Inclusion Bodies

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Inclusion Bodies

 

in biology, all the structures of the cell cytoplasm. Inclusion bodies are usually divided into three groups: fixed bodies, or organoids, which carry out the general cell functions—for example, mitochondria, Golgi bodies, chloroplasts; temporary bodies, or paraplasmatic formations, which appear and disappear during metabolism—secretor granules, nutritive substances, fat, starch, and others; and specialized, or metaplasmatic, formations, which are found in some specialized cells, where they perform particular functions, such as contraction—the myo-fibrils of muscle cells—or support—the tonofibrils in epidermal cells.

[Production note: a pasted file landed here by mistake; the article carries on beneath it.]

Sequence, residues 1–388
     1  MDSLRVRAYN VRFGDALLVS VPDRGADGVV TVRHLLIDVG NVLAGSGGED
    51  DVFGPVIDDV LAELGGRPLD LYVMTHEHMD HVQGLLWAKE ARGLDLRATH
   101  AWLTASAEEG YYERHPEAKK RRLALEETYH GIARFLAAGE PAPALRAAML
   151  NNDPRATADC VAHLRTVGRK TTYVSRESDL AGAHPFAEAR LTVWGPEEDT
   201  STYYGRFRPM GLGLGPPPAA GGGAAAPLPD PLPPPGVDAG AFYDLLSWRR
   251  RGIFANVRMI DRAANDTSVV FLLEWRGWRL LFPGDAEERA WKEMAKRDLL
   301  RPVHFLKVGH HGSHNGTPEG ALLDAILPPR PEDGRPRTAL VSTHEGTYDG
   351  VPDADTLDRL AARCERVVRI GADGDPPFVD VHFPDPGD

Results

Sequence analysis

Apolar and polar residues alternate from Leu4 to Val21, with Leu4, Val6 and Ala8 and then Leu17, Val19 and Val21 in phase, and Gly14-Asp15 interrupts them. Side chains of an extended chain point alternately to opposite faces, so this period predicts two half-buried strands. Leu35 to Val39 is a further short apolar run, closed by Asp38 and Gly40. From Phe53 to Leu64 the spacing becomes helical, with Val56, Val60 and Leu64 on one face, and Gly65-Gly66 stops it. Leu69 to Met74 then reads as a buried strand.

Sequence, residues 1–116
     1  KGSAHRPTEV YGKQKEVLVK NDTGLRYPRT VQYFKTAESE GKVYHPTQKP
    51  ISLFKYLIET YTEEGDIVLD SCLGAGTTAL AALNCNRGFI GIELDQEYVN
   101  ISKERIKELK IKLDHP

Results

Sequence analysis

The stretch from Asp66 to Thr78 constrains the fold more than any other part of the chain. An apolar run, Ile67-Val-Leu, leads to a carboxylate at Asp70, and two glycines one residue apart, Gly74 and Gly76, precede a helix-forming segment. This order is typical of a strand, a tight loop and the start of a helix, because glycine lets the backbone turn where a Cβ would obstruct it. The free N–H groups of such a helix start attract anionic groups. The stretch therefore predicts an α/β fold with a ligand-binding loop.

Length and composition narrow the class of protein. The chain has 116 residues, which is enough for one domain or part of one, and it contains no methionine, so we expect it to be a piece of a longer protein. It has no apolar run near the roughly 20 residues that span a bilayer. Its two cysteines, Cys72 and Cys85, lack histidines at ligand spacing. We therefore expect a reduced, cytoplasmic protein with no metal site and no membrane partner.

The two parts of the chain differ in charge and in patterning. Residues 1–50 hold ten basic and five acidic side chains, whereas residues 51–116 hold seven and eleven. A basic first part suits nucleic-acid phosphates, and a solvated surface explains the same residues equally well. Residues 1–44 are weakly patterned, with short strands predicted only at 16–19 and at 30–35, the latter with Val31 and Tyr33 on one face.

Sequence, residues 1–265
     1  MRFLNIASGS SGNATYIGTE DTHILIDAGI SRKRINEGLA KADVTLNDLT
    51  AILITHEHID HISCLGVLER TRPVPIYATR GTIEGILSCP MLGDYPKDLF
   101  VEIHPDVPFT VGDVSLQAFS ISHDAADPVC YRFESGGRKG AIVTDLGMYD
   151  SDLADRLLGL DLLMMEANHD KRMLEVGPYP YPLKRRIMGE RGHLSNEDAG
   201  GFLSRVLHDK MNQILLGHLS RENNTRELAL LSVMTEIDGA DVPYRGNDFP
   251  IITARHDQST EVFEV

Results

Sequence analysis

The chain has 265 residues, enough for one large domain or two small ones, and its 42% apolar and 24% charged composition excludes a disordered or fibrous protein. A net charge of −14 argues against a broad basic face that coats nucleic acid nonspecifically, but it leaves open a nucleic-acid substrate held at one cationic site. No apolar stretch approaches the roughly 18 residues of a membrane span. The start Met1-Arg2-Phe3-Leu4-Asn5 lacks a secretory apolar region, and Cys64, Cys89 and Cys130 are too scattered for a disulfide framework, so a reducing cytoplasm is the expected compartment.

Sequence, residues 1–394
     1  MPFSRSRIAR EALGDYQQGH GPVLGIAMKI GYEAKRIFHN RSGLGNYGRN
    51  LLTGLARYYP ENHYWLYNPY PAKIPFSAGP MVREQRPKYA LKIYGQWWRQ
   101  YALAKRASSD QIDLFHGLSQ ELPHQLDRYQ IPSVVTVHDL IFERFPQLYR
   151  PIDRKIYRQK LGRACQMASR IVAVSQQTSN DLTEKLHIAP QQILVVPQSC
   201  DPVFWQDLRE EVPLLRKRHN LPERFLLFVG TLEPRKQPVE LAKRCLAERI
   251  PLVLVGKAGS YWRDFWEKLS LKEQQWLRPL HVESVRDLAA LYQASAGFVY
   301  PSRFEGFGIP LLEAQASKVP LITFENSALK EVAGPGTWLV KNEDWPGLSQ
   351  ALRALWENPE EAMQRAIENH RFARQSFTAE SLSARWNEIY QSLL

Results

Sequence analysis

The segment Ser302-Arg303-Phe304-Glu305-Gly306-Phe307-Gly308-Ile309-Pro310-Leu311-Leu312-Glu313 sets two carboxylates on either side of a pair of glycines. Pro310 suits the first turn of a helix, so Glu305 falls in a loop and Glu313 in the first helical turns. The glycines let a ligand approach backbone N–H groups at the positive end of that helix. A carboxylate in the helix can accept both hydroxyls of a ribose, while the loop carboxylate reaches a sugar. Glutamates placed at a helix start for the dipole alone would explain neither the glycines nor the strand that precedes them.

References in periodicals archive ?
Histopathological studied revealed intra nuclear inclusion bodies basophilic (INIB) in hepatocytes (Alemnesh et al., 2012).
From the standpoint of pathology, both entities are characterized by tubulointerstitial disease and fibrosis, but only early lead nephropathy is characterized by the presence of proximal tubule nuclear inclusion bodies, due to the combination of lead with a lead binding-protein.
Treatment with calcium EDTA slowed the progression of most alterations and resulted in a diminution in nuclear inclusion bodies. ALAD activity was reduced in the lead exposed rats but was restored in the rats treated with calcium EDTA.

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